Rematriation was, and under colonialism still is, a balance between unlearning the colonial conditioning and syncing to ancestral ways, waters, and lands. I go to the sea to remember. The molecules of water are a record of all the shitty shit history dealt us. The arrival of Colón’s ships. Enslaved ancestors forced across. The fleets of invading US Americans. The molecules of water are a liberatory, healing salve. They remember the canoas that once navigated them. The populous communities of manatí y carey that thrived in them. The treasure of defiance and dignity that was Cofresí. The water is where I go to feel complete.
Colonialism would rather have us forget. The grim parts and the triumphant parts. Colonialism works intently to have us forget ourselves to the point that subsequent generations are born without this wisdom. But like water molecules holding these memories, so to do our genes. They remember the pain, the trauma. They remember our greatness. Syncing ourselves to the wise memory of water molecules, to the memory of the healing in plants and the foods pulled from the earth. What they created in labs, froze and canned, is similar to their slave quarter scraps. Before slavery our people worked the lands, cultivated foods, medicine and magic from it.
We sync to the land, the water, the sun, the moon, the foods, the plants to heal. To move through grief and rage, detox from their hate. To cultivate love for ourselves and each other enough to keep ourselves and each other healthy, well and free. To live liberation when the colonizers have long been experts at inflicting death and we the colonized have long been experts at dying. Embodying the archipelago is taking into our bodies and becoming the very transcendent expanse that this network of islands, water and wisdom have long been.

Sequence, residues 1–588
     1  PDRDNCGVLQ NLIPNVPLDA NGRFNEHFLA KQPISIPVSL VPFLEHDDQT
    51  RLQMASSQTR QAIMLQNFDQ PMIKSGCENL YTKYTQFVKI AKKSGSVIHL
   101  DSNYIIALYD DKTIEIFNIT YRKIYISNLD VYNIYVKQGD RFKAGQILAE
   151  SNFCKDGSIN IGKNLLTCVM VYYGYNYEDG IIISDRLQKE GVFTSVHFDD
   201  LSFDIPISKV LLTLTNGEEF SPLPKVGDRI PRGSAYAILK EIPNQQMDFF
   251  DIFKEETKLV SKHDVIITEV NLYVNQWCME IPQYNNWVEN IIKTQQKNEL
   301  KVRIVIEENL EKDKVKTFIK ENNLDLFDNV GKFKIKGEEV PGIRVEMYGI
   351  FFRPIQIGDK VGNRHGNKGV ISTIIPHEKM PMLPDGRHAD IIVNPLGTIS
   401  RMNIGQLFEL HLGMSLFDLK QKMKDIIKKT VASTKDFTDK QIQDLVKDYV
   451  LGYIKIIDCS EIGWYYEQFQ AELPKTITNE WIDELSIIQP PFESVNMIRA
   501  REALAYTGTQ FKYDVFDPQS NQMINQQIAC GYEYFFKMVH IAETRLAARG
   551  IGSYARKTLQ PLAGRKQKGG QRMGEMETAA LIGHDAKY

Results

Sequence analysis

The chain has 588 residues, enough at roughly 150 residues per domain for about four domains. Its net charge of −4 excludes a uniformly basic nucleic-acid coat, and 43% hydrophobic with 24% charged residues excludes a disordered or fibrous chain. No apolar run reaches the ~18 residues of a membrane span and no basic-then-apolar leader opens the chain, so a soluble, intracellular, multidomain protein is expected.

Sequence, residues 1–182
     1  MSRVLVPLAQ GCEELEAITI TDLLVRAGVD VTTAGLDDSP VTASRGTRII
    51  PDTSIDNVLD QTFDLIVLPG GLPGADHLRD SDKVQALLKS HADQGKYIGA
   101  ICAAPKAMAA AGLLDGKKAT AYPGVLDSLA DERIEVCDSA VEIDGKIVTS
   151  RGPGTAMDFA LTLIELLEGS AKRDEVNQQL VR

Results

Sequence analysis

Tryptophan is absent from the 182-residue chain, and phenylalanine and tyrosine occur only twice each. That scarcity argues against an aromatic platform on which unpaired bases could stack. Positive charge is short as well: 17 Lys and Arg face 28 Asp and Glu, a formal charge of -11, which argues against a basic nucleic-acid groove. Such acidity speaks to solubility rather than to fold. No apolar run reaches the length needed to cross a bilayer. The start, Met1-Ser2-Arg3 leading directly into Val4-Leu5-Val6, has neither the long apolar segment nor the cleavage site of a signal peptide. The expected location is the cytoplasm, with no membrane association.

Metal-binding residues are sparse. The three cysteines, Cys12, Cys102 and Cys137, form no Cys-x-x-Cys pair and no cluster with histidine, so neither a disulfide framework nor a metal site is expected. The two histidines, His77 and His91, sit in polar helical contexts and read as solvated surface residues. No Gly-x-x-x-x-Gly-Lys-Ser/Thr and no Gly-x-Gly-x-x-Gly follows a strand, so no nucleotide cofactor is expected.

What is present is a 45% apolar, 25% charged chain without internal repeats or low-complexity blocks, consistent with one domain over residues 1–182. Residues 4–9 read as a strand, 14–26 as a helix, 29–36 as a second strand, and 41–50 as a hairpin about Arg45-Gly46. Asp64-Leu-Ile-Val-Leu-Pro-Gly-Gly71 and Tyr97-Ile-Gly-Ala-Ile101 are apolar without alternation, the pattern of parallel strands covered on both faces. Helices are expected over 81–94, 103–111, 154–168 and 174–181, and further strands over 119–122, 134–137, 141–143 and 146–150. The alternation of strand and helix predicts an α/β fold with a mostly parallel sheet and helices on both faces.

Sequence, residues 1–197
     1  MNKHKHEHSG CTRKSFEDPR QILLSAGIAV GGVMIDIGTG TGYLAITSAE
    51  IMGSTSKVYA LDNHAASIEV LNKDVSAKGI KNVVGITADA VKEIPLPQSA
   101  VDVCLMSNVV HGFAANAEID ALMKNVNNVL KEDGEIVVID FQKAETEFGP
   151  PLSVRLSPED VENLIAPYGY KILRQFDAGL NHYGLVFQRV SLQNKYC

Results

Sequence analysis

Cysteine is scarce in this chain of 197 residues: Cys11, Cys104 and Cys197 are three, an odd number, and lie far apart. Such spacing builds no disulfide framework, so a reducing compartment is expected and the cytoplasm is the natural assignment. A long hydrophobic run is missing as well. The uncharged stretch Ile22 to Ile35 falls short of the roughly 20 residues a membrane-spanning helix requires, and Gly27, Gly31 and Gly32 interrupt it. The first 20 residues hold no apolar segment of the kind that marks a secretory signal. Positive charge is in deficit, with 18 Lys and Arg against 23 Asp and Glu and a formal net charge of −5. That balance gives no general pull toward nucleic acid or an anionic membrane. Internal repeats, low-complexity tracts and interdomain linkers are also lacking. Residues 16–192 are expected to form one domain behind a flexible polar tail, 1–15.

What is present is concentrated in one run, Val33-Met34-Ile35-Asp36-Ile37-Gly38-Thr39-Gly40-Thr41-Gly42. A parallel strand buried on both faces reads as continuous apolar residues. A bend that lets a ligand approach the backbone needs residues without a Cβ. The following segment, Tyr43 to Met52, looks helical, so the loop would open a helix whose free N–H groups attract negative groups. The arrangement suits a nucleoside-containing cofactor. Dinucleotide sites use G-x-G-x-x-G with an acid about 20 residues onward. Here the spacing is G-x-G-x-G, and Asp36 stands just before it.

This is why so many flock here, insist on being here, ravaging all that is. The disregard and disrespect from the colonizers son un desvío, a detour further down the path of forgetting ourselves and essence, the path of rage, illness. To protect all this, to protect ourselves is to align to this place, these ancestral lands, these ancestral ways. It is to embody this, become this, to build the liberated state we wish to see, first within then we extend it all around us.
I’ve worked on this self-portrait slowly over the last year. I finished it around the time of this eight-year anniversary. It is inspired by the Rematriating Borikén manifesto I wrote for my fifth anniversary here. I wrote about the grueling journey here, rising from the trenches as we all must cross the Puerto Rico Trench when arriving from the US. Meditating on the metaphor of this deep abyss, I continue on this journey, envision those of us who crossed and will cross. The excerpt reads:
We repurpose venomous tentacles of abyss creatures as our weapons.
We master the survival skills of symbiosis
Shine our light to secure sustainable meals or to repel predators.
Painting myself tangled in venomous tentacles, tentacles become curls, curls become tentacles…I become one with these surroundings. This is what I have been learning over the last eight years, a symbiosis with my ancestral origins and my ancestors. Balancing the nourishing and challenging forces of this environment. Learning a sustainability informed by this very land, not imposed, or governed by colonizer standards. Embodying the archipelago, I become ungovernable, autonomous in my own essence.